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‘Barima Nsu’: The harmful notion that men must not cry

The idea that men must not cry, often summarized in the phrase “Barima Nsu,” is a deeply ingrained social expectation that prevents men from expressing their emotions openly.

The origin of this belief is unclear, but its impact is significant, leading to the stigmatization of men who show vulnerability.

In many cultures, including mine, a man who cries or shows any form of emotion is often deemed socially unfit and labeled a weakling. Whether facing a job loss, heartbreak, or the overwhelming challenges of life, men are expected to bottle up their feelings. This societal pressure demands that men must not show any signs of weakness, pushing them to suppress their emotions.

When I lost my dearest uncle a few years ago and expressed my grief through tears, many people questioned why I was crying. Similarly, when my cousin Benny passed away, I had to hide my mourning from friends to avoid being judged. This was epitomized by the case of a student at KNUST who was mocked and called a sissy for mourning his girlfriend’s death. His friends recorded him crying and shared the video on social media, where many netizens joined in the mockery. The prevailing sentiment was that a man should not cry, especially over a relationship.

A friend once called me petty for reacting emotionally to things people, especially women, did to me. According to him, a man should not show any emotions. In our conversation, I asked him why many men die prematurely, and he had no answer. I explained that many men die because they bottle up their emotions due to the stigma associated with expressing them. Men often remain silent rather than ask for help, contributing to the high rates of mental health issues and premature death among men.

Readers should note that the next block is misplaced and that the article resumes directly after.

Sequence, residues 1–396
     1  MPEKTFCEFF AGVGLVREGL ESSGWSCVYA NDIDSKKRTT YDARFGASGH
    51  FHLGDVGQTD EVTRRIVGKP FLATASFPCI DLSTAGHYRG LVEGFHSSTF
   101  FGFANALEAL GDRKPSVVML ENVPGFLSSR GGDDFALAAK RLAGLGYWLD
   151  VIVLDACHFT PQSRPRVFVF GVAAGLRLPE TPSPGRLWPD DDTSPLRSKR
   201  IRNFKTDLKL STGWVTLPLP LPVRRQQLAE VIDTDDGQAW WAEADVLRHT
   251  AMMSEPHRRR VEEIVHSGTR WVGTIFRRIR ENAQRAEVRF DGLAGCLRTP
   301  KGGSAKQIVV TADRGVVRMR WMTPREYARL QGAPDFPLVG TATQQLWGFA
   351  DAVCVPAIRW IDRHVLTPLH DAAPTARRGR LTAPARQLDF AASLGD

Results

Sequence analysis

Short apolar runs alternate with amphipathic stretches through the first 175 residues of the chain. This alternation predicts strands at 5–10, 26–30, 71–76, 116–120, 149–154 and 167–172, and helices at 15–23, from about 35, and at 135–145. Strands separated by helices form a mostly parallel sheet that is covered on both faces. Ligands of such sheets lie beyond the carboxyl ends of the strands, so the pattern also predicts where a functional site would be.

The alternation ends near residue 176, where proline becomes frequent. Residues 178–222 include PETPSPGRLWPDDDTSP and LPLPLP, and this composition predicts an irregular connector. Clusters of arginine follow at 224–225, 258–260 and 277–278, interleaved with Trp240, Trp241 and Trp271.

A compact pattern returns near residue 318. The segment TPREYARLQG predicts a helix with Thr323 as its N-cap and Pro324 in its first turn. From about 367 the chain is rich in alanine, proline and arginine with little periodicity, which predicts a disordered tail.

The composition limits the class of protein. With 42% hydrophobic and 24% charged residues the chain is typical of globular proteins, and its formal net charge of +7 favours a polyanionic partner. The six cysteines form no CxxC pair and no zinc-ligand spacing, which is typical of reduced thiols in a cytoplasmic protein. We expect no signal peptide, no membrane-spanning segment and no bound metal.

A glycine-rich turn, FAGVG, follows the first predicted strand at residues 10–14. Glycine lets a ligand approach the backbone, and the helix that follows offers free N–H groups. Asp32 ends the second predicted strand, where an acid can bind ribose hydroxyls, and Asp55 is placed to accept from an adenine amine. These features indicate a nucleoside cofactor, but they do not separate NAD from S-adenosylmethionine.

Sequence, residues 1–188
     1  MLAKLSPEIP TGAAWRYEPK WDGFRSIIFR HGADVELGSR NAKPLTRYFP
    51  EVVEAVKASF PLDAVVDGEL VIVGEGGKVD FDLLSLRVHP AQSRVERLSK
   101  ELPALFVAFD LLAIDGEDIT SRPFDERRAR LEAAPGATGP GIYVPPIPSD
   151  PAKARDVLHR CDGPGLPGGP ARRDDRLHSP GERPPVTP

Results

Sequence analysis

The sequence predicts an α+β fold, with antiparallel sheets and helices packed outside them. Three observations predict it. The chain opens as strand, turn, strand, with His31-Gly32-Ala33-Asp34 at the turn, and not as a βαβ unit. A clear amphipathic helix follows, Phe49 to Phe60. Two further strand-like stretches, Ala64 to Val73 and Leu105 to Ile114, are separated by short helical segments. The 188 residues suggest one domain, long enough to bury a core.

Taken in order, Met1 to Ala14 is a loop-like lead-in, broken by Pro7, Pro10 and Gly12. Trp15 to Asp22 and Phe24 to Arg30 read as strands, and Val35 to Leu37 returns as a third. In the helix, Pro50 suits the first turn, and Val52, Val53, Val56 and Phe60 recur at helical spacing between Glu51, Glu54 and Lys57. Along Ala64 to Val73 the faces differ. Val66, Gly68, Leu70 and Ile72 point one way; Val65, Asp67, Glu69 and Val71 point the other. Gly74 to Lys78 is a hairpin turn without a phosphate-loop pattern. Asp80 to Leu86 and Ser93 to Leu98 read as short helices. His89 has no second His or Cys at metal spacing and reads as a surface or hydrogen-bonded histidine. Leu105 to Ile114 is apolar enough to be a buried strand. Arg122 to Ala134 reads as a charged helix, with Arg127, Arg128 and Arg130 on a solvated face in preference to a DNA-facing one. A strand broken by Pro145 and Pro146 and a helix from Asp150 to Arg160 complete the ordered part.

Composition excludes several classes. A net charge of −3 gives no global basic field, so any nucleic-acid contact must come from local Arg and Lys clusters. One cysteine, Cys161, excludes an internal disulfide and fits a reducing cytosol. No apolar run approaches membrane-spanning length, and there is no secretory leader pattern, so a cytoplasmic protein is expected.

June has been declared Men’s Mental Health Awareness Month, highlighting the importance of mental health and reminding us that seeking help is not a sign of weakness. Mental health disorders are a global concern, affecting around 970 million people in 2019, with anxiety and depression being the most common. These conditions are a leading cause of disability and are strongly linked to premature death due to the increased risk of suicide and other health issues. The World Health Organization (WHO) reports that people with severe mental health conditions tend to die 10 to 20 years earlier than the general population. Mental health conditions account for over 800,000 deaths per year through suicide alone.

In Africa, mental health issues are compounded by limited access to care, stigma, and inadequate funding. The region faces a significant treatment gap, with many people not receiving the necessary care. The lack of mental health resources exacerbates the burden, leading to high rates of untreated mental health conditions and associated mortality. The situation is critical, with suicide rates and other mental health-related deaths remaining high.

Ghana, like many other African countries, struggles with mental health issues due to inadequate mental health infrastructure and societal stigma. According to WHO data, the suicide rate in Ghana is about 5.4 per 100,000 people. Mental health services in Ghana are scarce, and there is a significant treatment gap, with many individuals not receiving the care they need. Efforts are being made to improve mental health services, but challenges remain in addressing the full scope of the problem.

Given these staggering figures, it is time to rethink harmful narratives like “Barima Nsu.” Crying or expressing emotions does not make a man any less of a man. Manhood is not tied to whether one cries or asks for help when needed.

Speaking up when mistreated or crying in response to life’s challenges proves that you are human. If robots can respond to commands, how much more should a human being be allowed to respond to emotions? When life overwhelms you and crying brings relief, do not hold back. Crying does not make you weak—it makes you human.

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